What is Debian?
The Debian operating system is based on the GNU/Linux operating system. It was one of the first Linux distributions and is still widely used today. It is a foundation for many other distributions, including Ubuntu, Mint, Kali, etc. For application installation, Debian uses the apt-get or aptitude package managers. It is frequently employed as a server or workstation operating system.
Features of Debian 11 (Code Name: Bullseye)
- Newer desktop versions like Gnome 3.38, KDE Plasma 5.20
- Newer packages
- Kernel LTS 5.10 version of Kernel
- ExFAT support
Steps to Download And Install Debian 11 (Bullseye) on Virtual Box
Download ISO file from the official website here
What is an ISO file?
ISO is a commonly used extension for an image of a disc formatted using an ISO 9660 file system standard, often known as CDFS, and intended for compact discs. A disc image is simply an electronic representation of the data as it would appear on a disc (in this case, a CD-ROM or DVD). The disc image might contain everything that would normally be stored on a drive, such as an operating system, data, software, media files, and so on.
While ISOs are not required to install any operating system, they may be a simple alternative for installing an operating system into a new virtual machine if you are utilizing a virtual machine.
Create bootable media once the ISO file is downloaded. Bootable media can be created using any of the following:
Rufus, Ventoy, WoeUSB
Now, create Virtual Machines to run our Operating System. For this, we will be using Virtual Box in this tutorial. However, you can also go for VMWare.
Next, create a new Virtual Machine in the Virtual box and name it with your choice.
We will assign memory and hard disk to the VM since it is virtually an operating system and will need some running resources. This step is recommended to have high RAM and Hard Disk in your machine while installing Virtual Operating Systems as we will be sharing the memory with the Virtual Machine Instance.
Create a “Virtual Hard Disk” for our use case and select RAM according to your machine.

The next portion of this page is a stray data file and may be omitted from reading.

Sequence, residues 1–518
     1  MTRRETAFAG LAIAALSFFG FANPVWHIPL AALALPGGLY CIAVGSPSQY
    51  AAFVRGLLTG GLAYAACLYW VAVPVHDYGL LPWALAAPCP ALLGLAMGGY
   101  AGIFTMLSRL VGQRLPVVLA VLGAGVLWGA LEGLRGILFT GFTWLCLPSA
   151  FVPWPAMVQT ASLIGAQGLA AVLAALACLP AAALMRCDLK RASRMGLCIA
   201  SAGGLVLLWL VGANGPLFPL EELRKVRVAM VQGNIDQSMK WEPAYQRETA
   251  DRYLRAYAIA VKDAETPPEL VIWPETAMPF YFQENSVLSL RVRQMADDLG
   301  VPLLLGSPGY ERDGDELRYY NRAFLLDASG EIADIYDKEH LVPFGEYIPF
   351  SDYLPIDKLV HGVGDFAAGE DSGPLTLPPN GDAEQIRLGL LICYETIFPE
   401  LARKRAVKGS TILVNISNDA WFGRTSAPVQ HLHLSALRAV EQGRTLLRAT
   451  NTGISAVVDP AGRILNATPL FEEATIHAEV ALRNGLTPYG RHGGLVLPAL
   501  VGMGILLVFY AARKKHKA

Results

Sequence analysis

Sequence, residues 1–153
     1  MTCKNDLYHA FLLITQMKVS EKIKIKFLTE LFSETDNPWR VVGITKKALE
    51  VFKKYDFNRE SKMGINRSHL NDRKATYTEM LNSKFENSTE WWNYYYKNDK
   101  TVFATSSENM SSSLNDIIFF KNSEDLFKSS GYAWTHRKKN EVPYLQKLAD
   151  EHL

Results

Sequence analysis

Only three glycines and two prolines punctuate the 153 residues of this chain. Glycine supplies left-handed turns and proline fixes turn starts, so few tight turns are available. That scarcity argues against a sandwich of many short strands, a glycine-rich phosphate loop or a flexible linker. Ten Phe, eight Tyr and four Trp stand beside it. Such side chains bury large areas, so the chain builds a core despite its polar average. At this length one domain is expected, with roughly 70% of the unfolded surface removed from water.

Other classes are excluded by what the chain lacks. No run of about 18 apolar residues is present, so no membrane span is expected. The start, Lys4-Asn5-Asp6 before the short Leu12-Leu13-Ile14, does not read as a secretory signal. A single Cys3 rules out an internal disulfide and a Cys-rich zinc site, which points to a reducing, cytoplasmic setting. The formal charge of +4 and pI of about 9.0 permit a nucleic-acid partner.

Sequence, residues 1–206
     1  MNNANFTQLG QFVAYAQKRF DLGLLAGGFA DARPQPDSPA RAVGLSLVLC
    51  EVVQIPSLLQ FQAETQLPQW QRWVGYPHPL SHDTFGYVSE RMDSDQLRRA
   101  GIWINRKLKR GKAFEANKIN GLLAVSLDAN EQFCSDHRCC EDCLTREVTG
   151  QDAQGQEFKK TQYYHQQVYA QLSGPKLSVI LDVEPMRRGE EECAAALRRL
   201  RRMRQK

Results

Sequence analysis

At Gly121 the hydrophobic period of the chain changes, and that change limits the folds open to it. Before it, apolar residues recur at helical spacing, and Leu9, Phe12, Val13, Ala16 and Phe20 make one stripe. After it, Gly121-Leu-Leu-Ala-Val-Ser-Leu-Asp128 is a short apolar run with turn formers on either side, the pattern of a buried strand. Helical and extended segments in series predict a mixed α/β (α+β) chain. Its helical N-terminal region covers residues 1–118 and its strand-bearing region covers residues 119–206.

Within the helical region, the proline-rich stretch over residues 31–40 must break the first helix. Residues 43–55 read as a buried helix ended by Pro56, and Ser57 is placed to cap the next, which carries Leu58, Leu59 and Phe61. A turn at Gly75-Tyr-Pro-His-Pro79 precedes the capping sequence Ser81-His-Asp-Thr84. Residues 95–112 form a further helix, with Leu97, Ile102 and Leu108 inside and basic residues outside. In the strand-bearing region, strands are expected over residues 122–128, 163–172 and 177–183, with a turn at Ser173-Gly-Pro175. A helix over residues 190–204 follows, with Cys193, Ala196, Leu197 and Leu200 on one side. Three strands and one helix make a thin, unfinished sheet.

Choose the storage type as “Dynamically Allocated” in the next step.
We have now created a VM instance in VirtualBox. Let’s load the ISO file.
Go to Storage -> Click on “Empty” below “Controller: IDE” -> Go to the ISO file location and mount it.
You have now created the VM for your new Operating System.
Next, we will deal with the core installation of the Debian Operating System. The below guide would remain the same irrespective of whether you install it in VMWare, VirtualBox, or physical machine.
Start the virtual instance you created. It is analogous to starting a physical machine using a bootable disk or USB while dual booting your system. You should see the below screen once you start your instance. Choose the “Graphical Install” option.
Select your preferred options in the “Location”, “Timezone”, “Language”, “KeyBoard Configuration” in forthcoming sections and install these components.
Once the components are installed, you will be asked to enter the hostname of the root user and password as shown:
You can also be asked to create a new user after the above steps.
After creating the user, you will then be choosing how you want your disk partition.
Select the disk to be partitioned according to your system.
Finally, choose how to store your files: in one directory or multiple directories.
Finally, finish partitioning and write changes to your disk by approving all the conditions.
The base system installation then begins.
You will also be asked to include additional media. Select “No” if you don’t have any additional media.
Now you configure your package manager by selecting the nearest location to you since the resource will be downloaded from the selected location.
Select Debian archive mirror as shown below:
Add your HTTP proxy server to access the archive if needed (this step is optional)
The next option will be to participate in a survey. You can select “No” here if you wish to do this later on.
Here’s the time to choose Desktop Environment. We have chosen Gnome here as it is the most common one.
Select “Yes” to install Grub
Choose a device in the next step for boot loader installation. The installation will now start. Once the installation is completed, you will be asked to boot the system. Once done, you will see the new Operating System installed in your VirtualBox.
This article showed how to install Debian 11 in VirtualBox, which you can access as a virtual machine. We have also covered the core installation and configuration steps for Debian 11.